Mumbai: Vehicle maker Bajaj Auto Ltd’s consolidated net profit for the quarter ended 31 March fell 49.2% largely because of lower sales, a charge for a voluntary retirement scheme and foreign exchange losses. Profit plunged to Rs69.7 crore from Rs137.46 crore in the corresponding period a year ago, while net sales declined 9.5% to Rs1,788.4 crore, the company said on Thursday.
Domestic sales of motorcycles and three-wheelers—Bajaj Auto is the country’s second largest manufacturer of such vehicles—for fiscal 2009 fell 22.44% to 1,421,589 against the previous fiscal.
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The company’s stand-alone profit for the quarter grew 8% to Rs130 crore. It reported Rs1,787.5 crore in net sales, down from Rs1,984.4 crore from the corresponding period last year.
Net sales for the fiscal declined 2.6% to Rs8,436 crore, while net profit for the fiscal grew 8% to Rs755 crore. A Mint poll of nine brokerage firms on 19 April had estimated the company’s stand-alone revenues at Rs8,933.34 crore and net profit to be 5% lower at Rs715.96 crore.
Baja Auto’s shares on Thursday rose 5.61% to close at Rs934.20 on the Bombay Stock Exchange.
Rajiv Bajaj, managing director of Bajaj Auto, said the company lost volumes primarily because of its overdependence on the entry level segment, which is led by rival Hero Honda Motors Ltd. He said the firm would make up for it with the launch of two new models in the executive segment in fiscal 2010. One of this would would be launched on 18 July, he said.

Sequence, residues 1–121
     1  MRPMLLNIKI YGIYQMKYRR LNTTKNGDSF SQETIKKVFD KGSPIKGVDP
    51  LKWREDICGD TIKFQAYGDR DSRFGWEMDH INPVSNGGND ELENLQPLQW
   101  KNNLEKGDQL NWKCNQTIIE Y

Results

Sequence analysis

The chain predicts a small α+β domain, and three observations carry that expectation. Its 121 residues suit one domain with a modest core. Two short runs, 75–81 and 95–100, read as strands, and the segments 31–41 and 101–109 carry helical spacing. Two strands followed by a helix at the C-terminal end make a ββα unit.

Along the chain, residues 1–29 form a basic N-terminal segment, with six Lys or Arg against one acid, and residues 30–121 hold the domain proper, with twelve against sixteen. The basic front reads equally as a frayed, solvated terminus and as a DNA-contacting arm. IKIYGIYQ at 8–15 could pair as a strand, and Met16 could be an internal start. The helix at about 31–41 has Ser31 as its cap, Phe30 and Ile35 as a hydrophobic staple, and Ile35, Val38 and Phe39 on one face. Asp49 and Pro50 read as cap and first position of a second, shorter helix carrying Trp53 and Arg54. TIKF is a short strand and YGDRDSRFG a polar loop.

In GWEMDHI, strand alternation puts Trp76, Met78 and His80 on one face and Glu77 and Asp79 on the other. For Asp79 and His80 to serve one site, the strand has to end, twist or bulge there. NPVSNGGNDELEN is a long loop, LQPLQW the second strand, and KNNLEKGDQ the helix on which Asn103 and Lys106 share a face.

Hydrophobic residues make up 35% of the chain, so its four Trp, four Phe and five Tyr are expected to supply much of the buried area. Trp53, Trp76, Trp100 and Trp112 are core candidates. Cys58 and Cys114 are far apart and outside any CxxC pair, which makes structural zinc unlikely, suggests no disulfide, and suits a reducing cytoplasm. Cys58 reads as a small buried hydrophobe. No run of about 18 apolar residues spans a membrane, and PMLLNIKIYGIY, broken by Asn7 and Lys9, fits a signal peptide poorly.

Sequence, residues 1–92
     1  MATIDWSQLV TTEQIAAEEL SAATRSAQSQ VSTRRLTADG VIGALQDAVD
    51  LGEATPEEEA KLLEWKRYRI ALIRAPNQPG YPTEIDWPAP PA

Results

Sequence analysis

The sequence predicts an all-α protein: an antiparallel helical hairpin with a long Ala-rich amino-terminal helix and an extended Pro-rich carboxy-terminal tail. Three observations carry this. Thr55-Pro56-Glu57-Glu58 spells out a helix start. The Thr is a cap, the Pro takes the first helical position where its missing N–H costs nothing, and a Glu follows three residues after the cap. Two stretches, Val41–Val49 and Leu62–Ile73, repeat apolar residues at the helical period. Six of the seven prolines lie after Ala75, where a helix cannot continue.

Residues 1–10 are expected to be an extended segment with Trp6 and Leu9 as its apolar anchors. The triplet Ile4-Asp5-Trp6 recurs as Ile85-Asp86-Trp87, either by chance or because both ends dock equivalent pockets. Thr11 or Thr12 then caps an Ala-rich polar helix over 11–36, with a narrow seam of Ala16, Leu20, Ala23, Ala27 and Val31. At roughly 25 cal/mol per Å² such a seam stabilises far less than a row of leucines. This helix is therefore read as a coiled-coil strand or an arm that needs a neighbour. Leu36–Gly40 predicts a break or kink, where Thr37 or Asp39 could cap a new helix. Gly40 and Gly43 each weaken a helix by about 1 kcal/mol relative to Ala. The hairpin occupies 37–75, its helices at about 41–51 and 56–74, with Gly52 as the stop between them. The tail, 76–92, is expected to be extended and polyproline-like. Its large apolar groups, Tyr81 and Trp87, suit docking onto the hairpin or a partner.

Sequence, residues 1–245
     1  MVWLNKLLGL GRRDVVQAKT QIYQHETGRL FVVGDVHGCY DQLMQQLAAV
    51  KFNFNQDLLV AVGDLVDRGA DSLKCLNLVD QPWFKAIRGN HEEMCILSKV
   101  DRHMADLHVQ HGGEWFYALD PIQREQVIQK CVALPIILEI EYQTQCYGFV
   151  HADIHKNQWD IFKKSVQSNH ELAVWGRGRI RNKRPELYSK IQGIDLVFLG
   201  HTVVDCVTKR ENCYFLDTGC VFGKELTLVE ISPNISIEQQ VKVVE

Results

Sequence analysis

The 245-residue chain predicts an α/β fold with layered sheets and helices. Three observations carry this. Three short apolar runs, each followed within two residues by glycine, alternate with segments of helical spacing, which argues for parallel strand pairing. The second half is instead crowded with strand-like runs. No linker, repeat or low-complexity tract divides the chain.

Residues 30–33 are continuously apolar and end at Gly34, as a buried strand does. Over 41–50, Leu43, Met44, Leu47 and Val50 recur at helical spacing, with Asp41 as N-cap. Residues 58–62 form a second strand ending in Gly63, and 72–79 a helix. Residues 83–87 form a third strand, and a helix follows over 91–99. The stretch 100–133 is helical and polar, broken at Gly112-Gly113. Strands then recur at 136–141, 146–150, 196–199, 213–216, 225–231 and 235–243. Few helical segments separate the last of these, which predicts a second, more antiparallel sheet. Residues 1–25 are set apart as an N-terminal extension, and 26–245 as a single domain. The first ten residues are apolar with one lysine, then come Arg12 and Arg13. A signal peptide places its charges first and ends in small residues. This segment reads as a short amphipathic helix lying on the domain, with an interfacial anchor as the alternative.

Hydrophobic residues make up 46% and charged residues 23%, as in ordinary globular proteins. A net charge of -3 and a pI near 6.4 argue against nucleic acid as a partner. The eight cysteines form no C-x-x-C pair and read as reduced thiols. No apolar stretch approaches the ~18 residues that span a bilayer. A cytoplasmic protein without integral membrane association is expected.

But with most bike makers gearing up for new launches, analysts are sceptical of the impact on overall volumes. “It will largely be governed by the positioning and pricing of the models,” said Chetan Vora, an auto analyst at Brics Securities Ltd.
In the three-wheeler segment, where rivals Piaggio India Vehicles Ltd and Mahindra and Mahindra Ltd have been eating into the company’s market share. For its part, Bajaj Auto plans to launch two new three-wheelers, one each in the passenger and cargo segment.
Kevin D’sa, vice-president of finance at Bajaj Auto, said the company would be able to increase its margins in the coming quarters, based largely on a ramp-up at company’s Pantnagar unit in Uttarakhand, launch of XCD 135cc and softening of aluminium prices. In the quarter ending March, Bajaj Auto’s margins went up 15.2% from 12.6%.
Bajaj also said the Chinese market, where it would be establishing a base through the Boxer brand of motorcycles, would be critical to the company’s long term exports strategy. “This will eventually help us in selling the KTM and Bajaj bikes in China,” he said. Bajaj signed a joint venture agreement in November 2007 with KTM Powersports AG to offer high end sports bike in India and Asia-Pacific markets beginning in the next calendar year.
Graphics by Sandeep Bhatnagar / Mint